Real-world adherence and persistence with anaplastic lymphoma kinase inhibitors in non-small cell lung cancer

Apar Kishor Ganti, Chia Wei Lin, Erru Yang, William B. Wong, Sarika Ogale

Research output: Contribution to journalArticlepeer-review

2 Scopus citations


BACKGROUND: Lung cancer is the leading cause of cancer-related deaths in the United States. Several anaplastic lymphoma kinase (ALK) rearrangement inhibitors have been approved for the treatment of metastatic ALK-positive non-small cell lung cancer (NSCLC). Effective disease management requires an understanding of how these treatments are used in clinical practice, since low treatment adherence and/or early discontinuation have been associated with poor patient outcomes. Owing to the recency of approvals, real-world data on the use of ALK inhibitors in patients with ALKpositive NSCLC are currently limited; this represents a notable gap in our understanding of ALK treatment use. OBJECTIVE: To assess real-world adherence and persistence with ALK inhibitors in patients with ALK-positive NSCLC. METHODS: This retrospective observational study used US commercial claims for patients aged at least 18 years with lung cancer receiving ALK inhibitors (alectinib, brigatinib, ceritinib, crizotinib) between July 1, 2015, and December 31, 2018. Patients' first and any subsequent ALK inhibitor uses were categorized into ALK inhibitor-naive and ALK inhibitor-pretreated cohorts, respectively. Adherence was measured by medication possession ratio and persistence by time from treatment initiation to discontinuation (earliest of a treatment switch or greater than a 60-day gap). Descriptive statistics were used to summarize patient characteristics. Cohort comparisons were made using chi-square tests and t-tests. Persistence and time to next ALK inhibitor were analyzed using Kaplan- Meier methods and the log-rank test. Poisson and Cox regression models of adherence and persistence, respectively, were applied to compare ALK inhibitors. RESULTS: We identified 1,482 patients treated with alectinib (n = 445) or crizotinib (n = 1,037) in the ALK inhibitor-naive cohort; 604, 142, and 134 patients received alectinib, brigatinib, or ceritinib in the ALK inhibitorpretreated cohort. Adherence during the treatment period (95%-97%) and the proportion of patients with a medication possession ratio of at least 0.8 (92%-95%) were similar for all ALK inhibitors. In the ALK inhibitor-naive cohort, median time to treatment discontinuation with alectinib and crizotinib was 27.1 and 8.8 months, respectively; patients receiving alectinib were 46% less likely to discontinue than patients receiving crizotinib (adjusted hazard ratio [aHR] [95% CI]: 0.54 [0.44-0.65]; P < 0.0001). In the ALK inhibitor-pretreated cohort, the discontinuation risk for alectinib was 64% lower than for ceritinib (aHR [95% CI]: 0.36 [0.27-0.49]; P < 0.0001) and 34% lower than for brigatinib (aHR [95% CI]: 0.66 [0.42- 1.02]; P = 0.062). CONCLUSIONS: To our knowledge, this study is the first to address a current research gap by assessing real-world adherence and persistence with ALK inhibitors among patients with ALK-positive NSCLC in real-world clinical practice. Alectinib was associated with longer real-world persistence than other ALK inhibitors, despite similar adherence. Further research with more patients and longer follow-up is needed to link persistence to real-world clinical outcomes.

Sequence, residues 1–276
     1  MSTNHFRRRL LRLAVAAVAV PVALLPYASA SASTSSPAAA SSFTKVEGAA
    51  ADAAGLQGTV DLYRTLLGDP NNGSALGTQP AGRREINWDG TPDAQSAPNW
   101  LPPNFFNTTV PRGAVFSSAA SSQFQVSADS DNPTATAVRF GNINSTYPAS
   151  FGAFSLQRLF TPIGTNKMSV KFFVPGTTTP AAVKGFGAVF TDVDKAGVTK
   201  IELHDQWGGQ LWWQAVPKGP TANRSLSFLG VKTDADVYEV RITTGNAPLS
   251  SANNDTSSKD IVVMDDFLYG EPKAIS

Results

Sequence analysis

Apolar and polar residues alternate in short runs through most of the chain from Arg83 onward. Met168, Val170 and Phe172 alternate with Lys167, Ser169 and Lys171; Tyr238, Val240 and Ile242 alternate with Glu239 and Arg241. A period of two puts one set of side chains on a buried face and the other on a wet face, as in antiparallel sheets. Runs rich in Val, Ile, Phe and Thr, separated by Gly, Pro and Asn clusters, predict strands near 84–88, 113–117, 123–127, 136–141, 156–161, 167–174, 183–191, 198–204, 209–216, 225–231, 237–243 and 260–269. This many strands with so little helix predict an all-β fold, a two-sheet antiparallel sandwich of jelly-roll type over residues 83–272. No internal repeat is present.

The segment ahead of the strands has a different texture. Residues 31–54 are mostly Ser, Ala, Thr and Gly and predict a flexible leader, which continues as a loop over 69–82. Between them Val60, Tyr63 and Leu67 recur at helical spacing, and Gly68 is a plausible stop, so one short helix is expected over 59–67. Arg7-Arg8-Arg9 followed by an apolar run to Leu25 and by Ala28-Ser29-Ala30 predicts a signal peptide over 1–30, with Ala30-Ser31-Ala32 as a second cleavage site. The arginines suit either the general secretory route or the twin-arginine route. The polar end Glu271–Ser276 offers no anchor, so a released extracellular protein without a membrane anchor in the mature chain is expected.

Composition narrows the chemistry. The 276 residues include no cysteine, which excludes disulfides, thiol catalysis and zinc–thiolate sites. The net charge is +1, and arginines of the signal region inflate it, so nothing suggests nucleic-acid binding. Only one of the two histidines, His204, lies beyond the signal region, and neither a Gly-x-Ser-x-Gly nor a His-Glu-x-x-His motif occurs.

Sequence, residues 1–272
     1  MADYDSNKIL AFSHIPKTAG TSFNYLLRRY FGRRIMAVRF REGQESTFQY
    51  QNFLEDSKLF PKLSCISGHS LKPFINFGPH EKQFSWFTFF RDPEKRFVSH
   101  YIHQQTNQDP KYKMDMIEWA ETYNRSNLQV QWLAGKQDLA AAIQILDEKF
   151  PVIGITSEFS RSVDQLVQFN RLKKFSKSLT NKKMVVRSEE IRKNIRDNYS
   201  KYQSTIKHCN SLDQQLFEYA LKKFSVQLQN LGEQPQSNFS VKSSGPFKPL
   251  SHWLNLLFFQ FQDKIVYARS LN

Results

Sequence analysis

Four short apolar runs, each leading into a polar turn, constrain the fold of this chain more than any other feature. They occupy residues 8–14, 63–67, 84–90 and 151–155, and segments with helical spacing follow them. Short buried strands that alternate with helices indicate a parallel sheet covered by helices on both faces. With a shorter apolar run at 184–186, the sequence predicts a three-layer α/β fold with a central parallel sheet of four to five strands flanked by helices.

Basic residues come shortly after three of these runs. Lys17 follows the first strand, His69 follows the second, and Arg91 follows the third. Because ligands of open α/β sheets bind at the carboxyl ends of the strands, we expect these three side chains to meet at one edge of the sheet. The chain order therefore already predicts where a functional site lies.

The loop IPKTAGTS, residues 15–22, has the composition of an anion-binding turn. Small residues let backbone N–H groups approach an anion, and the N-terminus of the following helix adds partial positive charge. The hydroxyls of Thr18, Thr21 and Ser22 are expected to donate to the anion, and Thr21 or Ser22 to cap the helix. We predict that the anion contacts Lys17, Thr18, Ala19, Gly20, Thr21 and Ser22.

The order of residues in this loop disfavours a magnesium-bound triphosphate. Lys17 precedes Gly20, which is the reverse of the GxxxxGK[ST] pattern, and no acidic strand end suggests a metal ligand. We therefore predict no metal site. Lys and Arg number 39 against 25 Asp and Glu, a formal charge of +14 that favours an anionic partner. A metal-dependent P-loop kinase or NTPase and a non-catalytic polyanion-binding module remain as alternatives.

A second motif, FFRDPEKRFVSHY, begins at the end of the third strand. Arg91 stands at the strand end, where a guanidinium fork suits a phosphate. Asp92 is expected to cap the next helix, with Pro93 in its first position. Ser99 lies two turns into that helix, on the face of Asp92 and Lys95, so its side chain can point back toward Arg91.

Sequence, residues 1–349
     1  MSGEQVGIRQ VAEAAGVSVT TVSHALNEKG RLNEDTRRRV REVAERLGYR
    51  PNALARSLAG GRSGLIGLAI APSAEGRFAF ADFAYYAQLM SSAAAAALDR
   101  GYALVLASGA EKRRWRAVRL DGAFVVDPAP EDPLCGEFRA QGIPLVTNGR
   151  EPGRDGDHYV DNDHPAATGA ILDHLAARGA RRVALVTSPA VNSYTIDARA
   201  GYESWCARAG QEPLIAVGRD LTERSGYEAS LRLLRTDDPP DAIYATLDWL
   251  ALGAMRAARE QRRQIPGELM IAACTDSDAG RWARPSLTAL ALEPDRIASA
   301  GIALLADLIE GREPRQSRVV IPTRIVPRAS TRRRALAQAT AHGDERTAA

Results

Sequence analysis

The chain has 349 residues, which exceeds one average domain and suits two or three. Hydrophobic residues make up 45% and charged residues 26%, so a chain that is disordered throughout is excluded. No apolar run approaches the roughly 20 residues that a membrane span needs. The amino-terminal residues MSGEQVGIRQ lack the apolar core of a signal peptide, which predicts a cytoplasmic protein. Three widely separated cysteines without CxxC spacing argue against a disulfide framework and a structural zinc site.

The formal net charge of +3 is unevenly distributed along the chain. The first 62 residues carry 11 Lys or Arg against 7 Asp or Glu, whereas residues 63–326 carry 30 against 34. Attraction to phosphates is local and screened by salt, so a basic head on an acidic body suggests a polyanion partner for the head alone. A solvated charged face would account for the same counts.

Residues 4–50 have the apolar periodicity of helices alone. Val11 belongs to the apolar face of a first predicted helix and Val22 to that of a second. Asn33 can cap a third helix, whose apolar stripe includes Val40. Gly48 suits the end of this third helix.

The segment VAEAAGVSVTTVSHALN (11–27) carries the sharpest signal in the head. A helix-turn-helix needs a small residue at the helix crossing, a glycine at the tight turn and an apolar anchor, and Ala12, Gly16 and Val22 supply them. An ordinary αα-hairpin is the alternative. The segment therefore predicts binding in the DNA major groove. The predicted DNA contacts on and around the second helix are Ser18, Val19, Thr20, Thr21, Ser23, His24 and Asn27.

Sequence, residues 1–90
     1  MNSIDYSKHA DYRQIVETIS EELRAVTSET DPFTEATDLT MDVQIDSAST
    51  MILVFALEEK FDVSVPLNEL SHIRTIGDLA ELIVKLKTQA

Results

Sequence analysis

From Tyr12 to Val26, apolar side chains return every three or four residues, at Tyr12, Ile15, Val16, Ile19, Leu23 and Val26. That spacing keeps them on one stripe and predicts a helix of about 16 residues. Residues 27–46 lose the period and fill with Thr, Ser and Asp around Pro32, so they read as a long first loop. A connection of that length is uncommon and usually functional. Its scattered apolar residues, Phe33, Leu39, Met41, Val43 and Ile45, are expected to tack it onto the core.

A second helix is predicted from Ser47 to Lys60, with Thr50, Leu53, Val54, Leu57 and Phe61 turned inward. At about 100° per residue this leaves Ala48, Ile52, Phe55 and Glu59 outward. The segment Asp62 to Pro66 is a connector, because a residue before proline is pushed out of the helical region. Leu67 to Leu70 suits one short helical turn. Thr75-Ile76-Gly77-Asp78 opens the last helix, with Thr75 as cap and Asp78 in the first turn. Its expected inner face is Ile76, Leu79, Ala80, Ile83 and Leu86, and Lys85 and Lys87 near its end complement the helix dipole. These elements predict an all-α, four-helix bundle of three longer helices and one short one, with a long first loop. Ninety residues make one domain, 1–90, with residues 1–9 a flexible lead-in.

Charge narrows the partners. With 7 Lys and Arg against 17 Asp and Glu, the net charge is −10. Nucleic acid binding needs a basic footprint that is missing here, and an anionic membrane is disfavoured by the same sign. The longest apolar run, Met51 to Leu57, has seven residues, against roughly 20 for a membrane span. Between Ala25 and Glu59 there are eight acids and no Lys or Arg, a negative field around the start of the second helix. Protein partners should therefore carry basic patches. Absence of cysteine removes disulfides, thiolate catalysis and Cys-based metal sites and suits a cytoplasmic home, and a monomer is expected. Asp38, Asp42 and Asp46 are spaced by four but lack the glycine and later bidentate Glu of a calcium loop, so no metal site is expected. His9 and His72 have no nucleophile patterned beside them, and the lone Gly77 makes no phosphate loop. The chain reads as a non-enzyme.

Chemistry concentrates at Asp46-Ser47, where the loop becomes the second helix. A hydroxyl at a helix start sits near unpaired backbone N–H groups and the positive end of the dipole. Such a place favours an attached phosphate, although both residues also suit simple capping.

Original languageEnglish (US)
Pages (from-to)305-314
Number of pages10
JournalJournal of Managed Care and Specialty Pharmacy
Issue number3
StatePublished - Mar 2022

ASJC Scopus subject areas

  • Pharmacy
  • Pharmaceutical Science
  • Health Policy


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